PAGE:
pp. 695-708

The aim of this study was to develop an understanding of the molecular basis for differential gene expression in desiccation-tolerant and non-desiccation tolerant plants. Although the genetic information for the stress protective LEA-like protein is contained in closely related plants, the encoded transcript accumulates to higher levels in the desiccation tolerant plants than in the non-tolerant plants. The analysis identified specific promoter response elements that are responsible for the differential expression.

 
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These articles have been peer reviewed and accepted for publication. They are still in production and have not been edited, so may differ from the final published form.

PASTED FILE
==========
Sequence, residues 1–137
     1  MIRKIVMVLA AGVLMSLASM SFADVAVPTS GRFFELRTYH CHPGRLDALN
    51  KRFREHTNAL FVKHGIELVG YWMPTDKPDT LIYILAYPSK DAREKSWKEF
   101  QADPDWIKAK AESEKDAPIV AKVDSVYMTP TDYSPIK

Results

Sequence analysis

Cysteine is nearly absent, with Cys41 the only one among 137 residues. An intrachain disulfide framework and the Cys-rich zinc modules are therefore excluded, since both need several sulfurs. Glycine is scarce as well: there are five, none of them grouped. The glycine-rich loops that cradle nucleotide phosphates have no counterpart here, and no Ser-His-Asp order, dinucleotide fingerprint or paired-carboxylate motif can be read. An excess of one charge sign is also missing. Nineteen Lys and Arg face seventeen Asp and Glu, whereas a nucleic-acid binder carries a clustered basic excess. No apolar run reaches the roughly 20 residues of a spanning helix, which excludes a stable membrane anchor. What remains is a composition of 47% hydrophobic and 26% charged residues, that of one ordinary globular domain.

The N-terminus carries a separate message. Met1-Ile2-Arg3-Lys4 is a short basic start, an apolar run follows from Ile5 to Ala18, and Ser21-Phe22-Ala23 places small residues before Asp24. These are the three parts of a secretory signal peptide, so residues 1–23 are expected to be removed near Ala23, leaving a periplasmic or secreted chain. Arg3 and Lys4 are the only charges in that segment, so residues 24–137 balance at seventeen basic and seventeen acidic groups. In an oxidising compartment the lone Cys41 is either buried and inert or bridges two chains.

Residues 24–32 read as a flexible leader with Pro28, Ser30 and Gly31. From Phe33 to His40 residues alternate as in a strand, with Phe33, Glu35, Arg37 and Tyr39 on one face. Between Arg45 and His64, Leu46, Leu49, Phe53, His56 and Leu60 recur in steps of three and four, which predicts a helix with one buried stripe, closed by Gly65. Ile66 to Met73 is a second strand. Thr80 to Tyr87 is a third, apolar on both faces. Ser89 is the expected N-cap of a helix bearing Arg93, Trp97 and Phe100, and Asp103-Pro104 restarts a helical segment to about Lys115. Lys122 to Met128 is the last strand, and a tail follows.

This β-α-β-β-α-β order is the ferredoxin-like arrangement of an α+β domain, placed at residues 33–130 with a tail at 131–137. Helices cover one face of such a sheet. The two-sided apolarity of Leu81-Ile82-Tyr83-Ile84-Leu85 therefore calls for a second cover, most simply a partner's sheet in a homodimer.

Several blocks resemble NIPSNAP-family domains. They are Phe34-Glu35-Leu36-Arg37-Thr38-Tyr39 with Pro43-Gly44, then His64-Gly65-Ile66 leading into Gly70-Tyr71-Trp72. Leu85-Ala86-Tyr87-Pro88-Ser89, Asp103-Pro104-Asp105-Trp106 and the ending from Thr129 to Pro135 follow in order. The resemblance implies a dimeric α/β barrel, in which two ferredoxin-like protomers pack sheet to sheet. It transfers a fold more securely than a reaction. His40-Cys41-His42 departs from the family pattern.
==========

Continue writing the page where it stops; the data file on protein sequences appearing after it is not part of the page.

FP16068  Accepted 15 June 2016
    Genetic variation in Fe toxicity tolerance is associated with the regulation of translocation and chelation of iron along with antioxidant defense in shoots of rice
    Ahmad H. Kabir, Most C. Begum, Ariful Haque, Ruhul Amin, A M Swaraz, Syed A. Haider, Nishit K. Paul, Mohammad M. Hossain
    Abstract


    FP16097  Accepted 21 June 2016
    Coordinated performance of leaf hydraulics and economics in ten Chinese temperate tree species
    Ying Jin, Chuankuan Wang, Zhenghu Zhou, Zhimin Li
    Abstract


    FP16117  Accepted 18 June 2016
    Micron-scale phenotyping quantification and three-dimensional microstructure reconstruction of vascular bundles within maize stalk based on Micro-CT scanning
    Jianjun Du, Ying Zhang, Xinyu Guo, Liming Ma, Meng Shao, Xioadi Pan, Chunjiang Zhao
    Abstract


    FP16093  Accepted 13 June 2016